Long-Distance Caregivers: Three Ways to Ruin the Holidays with Your Aging Parents
And, what to do instead…
1. Try to get as much done as possible in the short time you have. Schedule the year’s appointments and ensure that everything gets done. Why is this so bad? It often may feel necessary, especially if no one in the family lives nearby. There may be many tasks to handle, but this is the fastest way to alienate and overwhelm your aging parents. A lot of what you do on your visit may end up undone if you have “rushing in syndrome”. This leaves little time for meaningful conversations around any of the concerns you might have and too little precious time to enjoy the holidays. You may be used to rushing around and getting things accomplished, but you can exhaust an elderly loved one who is not very active.
So, what can you do instead? Either plan a longer visit or other visits, if at all possible. Try to handle some issues via phone before/after your visit if a longer visit is not feasible. Can you break up duties between family members or even hire someone to help with certain things? We often hear, “you allowed me to be a daughter again” from our Aging Wisely clients. Family time is precious and sometimes having someone else to handle tasks and care coordination can permit the family to enjoy what might be limited time together again. Consider setting aside holiday time primarily for that, while using other time for tasks and concerns.
2. Sit your aging parents down for a serious conversation to tell them that they should move to assisted living (or sell their home to come live with you, etc.).
We always encourage conversations and openness about important issues in the family, so why do we go against that here? Well, the holidays frankly just aren’t the time to do it if you can avoid it. This is especially true if this is the first time you are broaching these issues. Either plan to stick around longer and have these conversations after you’ve spent some time together or save it for another time. Even better, approach these topics early and often. If you’re having difficulty, call our Senior Care Consultant and we can help you with ideas or set you up with a care manager who can help with a caring, dignified approach. Unless things have become dangerous for your aging parents, it makes sense to approach concerns gradually and start from the elder’s perspective. There might be issues that they are worried about too, and they may be willing to start with getting help in the home or making small steps.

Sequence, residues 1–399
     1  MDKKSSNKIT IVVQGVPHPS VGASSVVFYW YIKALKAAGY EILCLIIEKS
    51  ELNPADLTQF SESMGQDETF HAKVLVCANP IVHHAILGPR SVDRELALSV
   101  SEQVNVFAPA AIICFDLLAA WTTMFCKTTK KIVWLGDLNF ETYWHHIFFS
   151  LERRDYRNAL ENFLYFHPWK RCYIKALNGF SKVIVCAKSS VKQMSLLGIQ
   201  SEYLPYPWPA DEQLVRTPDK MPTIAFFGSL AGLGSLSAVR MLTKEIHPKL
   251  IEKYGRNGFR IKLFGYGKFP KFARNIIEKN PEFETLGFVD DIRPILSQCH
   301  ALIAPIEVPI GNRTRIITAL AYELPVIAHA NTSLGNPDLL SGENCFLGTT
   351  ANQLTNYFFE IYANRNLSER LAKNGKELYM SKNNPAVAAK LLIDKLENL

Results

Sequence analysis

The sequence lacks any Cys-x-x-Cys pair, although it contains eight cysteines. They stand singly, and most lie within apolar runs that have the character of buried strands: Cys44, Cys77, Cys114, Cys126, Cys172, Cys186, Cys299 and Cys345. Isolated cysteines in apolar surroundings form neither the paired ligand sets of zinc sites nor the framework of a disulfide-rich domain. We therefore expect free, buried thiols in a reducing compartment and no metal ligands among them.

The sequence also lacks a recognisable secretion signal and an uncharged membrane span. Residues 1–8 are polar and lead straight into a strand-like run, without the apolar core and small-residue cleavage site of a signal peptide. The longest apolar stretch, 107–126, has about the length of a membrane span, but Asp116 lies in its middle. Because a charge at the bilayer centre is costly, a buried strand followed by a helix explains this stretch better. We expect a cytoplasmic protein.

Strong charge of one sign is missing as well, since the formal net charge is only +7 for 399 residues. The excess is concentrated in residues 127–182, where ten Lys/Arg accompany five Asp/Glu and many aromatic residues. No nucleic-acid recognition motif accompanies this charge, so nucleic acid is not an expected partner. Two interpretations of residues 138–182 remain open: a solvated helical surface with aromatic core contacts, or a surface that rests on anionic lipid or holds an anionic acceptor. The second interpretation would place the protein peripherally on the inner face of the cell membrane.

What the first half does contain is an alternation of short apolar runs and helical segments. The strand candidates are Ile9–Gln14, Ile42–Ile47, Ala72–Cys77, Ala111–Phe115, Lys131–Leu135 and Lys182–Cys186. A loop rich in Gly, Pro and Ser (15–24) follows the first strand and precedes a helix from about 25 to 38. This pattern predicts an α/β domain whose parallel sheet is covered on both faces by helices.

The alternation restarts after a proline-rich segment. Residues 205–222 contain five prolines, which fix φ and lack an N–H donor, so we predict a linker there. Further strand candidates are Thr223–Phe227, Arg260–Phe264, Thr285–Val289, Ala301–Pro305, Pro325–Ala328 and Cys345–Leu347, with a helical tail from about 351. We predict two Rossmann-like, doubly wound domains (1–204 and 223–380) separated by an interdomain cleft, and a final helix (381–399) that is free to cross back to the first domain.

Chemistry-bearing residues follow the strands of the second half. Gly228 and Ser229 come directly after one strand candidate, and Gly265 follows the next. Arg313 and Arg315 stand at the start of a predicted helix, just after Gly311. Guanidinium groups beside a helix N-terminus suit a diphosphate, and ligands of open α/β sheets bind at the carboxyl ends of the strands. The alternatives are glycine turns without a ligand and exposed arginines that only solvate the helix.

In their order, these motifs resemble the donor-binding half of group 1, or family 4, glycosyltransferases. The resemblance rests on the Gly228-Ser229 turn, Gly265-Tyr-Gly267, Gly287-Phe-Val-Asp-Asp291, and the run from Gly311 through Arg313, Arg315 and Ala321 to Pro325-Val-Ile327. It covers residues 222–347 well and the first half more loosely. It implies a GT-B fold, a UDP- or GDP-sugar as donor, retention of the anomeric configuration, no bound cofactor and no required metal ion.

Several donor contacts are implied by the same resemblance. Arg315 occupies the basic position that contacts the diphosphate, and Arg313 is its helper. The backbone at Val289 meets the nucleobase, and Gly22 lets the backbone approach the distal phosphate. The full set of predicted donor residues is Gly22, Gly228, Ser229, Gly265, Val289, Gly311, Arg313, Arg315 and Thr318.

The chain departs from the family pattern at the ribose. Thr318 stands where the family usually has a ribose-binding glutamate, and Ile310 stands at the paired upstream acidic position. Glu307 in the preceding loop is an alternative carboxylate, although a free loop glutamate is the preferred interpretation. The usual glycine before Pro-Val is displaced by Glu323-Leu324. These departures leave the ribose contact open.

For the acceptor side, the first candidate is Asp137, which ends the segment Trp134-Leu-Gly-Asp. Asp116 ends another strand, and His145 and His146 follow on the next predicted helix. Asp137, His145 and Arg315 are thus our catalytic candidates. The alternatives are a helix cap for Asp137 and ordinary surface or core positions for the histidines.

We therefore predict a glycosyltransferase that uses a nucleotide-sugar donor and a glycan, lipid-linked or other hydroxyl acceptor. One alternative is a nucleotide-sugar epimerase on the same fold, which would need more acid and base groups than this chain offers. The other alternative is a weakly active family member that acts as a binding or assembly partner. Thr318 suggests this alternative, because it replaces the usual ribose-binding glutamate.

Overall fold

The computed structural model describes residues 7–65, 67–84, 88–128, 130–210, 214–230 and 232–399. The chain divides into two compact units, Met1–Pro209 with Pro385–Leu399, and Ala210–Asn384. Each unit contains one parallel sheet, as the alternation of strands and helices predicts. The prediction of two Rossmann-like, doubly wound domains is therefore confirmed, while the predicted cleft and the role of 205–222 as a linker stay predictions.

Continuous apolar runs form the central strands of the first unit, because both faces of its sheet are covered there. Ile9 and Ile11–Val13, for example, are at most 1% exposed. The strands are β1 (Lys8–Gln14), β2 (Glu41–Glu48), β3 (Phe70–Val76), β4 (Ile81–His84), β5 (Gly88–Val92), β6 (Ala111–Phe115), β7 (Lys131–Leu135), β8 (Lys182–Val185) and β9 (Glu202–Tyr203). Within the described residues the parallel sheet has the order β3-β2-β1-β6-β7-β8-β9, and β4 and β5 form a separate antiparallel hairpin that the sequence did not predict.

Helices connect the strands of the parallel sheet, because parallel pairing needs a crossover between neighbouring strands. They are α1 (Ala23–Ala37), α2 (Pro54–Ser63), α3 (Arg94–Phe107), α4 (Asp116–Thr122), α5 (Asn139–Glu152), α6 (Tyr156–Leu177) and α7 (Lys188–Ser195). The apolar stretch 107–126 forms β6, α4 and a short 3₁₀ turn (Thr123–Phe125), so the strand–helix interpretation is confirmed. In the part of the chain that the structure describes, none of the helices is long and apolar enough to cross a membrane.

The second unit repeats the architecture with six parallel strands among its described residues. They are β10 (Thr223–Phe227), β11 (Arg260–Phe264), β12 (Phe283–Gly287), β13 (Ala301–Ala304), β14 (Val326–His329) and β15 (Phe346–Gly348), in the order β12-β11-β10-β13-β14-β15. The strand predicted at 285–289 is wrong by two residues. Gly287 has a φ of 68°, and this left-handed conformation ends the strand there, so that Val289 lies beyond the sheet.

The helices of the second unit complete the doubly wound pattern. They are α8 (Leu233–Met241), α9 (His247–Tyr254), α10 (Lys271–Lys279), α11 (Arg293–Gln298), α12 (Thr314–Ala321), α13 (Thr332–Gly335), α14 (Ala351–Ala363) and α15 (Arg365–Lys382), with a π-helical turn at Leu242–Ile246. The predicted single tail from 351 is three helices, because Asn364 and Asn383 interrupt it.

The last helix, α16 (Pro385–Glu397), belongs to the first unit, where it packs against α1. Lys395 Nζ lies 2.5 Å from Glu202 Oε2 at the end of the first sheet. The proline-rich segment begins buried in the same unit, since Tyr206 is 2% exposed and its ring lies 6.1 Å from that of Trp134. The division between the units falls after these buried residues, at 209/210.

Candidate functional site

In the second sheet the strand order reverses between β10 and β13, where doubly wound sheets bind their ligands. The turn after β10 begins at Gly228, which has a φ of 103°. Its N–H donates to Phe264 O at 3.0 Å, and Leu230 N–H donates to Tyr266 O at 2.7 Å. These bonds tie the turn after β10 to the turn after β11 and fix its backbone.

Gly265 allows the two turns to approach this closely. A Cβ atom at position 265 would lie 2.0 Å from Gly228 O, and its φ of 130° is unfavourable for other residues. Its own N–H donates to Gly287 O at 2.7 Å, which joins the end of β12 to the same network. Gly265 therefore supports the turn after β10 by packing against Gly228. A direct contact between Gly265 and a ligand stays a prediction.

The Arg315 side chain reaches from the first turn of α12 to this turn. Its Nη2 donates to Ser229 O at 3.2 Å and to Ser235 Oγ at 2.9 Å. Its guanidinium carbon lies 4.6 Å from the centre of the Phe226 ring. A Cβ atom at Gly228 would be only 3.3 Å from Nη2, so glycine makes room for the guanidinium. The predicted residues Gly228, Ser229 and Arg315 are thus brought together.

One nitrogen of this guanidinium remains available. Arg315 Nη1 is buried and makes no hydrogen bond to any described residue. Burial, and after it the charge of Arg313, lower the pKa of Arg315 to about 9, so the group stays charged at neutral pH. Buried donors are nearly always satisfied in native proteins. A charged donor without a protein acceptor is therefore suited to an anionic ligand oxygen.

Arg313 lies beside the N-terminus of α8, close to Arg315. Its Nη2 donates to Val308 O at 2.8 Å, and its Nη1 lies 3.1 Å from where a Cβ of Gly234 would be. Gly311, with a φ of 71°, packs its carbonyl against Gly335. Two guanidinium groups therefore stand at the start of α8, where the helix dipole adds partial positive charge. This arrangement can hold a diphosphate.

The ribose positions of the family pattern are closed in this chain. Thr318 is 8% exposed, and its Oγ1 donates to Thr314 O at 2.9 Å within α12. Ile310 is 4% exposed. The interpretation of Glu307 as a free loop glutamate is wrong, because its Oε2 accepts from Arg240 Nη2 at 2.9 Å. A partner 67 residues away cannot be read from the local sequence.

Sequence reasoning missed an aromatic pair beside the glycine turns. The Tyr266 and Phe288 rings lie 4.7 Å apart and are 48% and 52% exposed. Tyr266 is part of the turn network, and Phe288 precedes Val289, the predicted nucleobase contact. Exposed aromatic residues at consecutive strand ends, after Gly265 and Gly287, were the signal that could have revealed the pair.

3. Tell your local sister/brother all the problems you see and your helpful ideas about what needs to change. When you come in to town as the long-distance caregiver, telling the local family member all the bad things you see implies they’ve been doing everything wrong and devalues their day-to-day struggles. When you aren’t there every day, you probably don’t have a good understanding of everything that goes on so you may jump to unfair conclusions. This can cause a lot of resentment, even in the best relationships.
Take time to observe and think about things before speaking out. If you see concerns or have ideas, make some notes and plan a time to talk about it later. Ask your local sibling some questions and express concern about how he/she is doing and how you can help. Don’t forget that your aging parents may “pull themselves together” to rally for your visit, or if you have not been there in a while things may seem drastically changed for the worse. You have a different view than the person who is there daily.
Want to have a better holiday together this year? Let us help! We offer abundant resources to assist you as a long-distance caregiver of aging parents. Our care management team can help you coordinate long-distance care and maintain strong family relationships. Our EasyLiving team can help take care of tasks and day-to-day needs, giving you peace of mind.
Give yourself the gift of peace of mind and your family the gift of aging well and wisely! Call us at 727-447-5845 to discuss your options.